- FHA loans: Government-insured loans like FHA home loans make it easier for more people to secure a mortgage. FHA loans are especially appealing because prospective homebuyers can secure them with a down payment option as low as 3.5% of the purchase price.
- VA loans: The aforementioned VA loans offer active and retired service members, as well as surviving spouses, the opportunity to take out a home loan with more flexible credit and financial requirements.
- Jumbo loans: If you’re in the market for a large home, you’ll likely need to take out a big mortgage. That’s where jumbo loans can help. These types of mortgages exceed current conforming limits, so lenders will be extra diligent about checking your loan qualifications.
2. Can you recommend the right mortgage for me?
If you’re buying your first house or want to refinance your mortgage to get a better interest rate, you may not be sure which type of home loan will net you the best terms. While certain home loans are standard across the industry — see the ever-popular 30-year fixed rate conventional loan, for instance — you should explore all of your options. Your mortgage lender should be able to walk you through the best mortgages available for your particular situation and make a qualified recommendation.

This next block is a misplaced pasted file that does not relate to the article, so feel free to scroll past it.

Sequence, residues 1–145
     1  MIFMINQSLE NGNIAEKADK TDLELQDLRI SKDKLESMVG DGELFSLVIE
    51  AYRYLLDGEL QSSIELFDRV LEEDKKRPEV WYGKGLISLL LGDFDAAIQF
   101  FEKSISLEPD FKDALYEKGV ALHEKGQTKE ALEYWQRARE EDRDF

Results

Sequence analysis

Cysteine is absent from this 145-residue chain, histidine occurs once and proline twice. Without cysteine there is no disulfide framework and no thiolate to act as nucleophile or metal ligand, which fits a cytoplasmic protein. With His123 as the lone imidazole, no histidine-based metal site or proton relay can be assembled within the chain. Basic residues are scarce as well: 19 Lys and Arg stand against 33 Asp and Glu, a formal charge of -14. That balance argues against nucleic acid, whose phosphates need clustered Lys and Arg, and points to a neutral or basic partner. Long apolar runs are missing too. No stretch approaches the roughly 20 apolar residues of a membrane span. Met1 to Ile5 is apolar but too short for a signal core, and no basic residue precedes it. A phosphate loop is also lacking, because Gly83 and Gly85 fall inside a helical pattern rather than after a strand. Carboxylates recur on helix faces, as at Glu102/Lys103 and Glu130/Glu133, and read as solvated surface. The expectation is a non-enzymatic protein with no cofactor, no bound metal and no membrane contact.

3. What are your current mortgage rates?
Interest rates are in a constant state of flux, going up or down according to different conditions within the mortgage lending industry as well as the global economy. Each lender will use that as a baseline and then set their own interest rate, depending on the applicant’s credit history, financial records, type of home loan and other factors. Although you won’t know for sure what interest rate you’ll qualify for until you receive a preapproval letter (and even that’s not set in stone), the lender’s current mortgage rates will give you an idea of what to expect.
4. How much will my mortgage cost?
Interest rates and loan amounts don’t tell the full story when it comes to figuring out how much you’ll wind up paying for your mortgage. For many people, the most important number is your monthly mortgage payment, and there are a bunch of items that go into that:
- Property taxes
- Homeowners insurance
Although you’re still in the early stages of the mortgage process, your lender can start to give you an idea of how much you’ll pay each month for your desired loan amount. Don’t get too attached to that specific dollar figure, though, because the final numbers can, and likely will, change.
5. How big of a loan can I get?
Before you can start house hunting, you first need to know what your budget is. There’s no sense in falling in love with a house only to find out you can’t afford it. A mortgage lender can help set the right expectations for your house search by looking at your income, savings and assets to give you a ballpark figure on how big of a loan you might get.
6. How much house can I afford?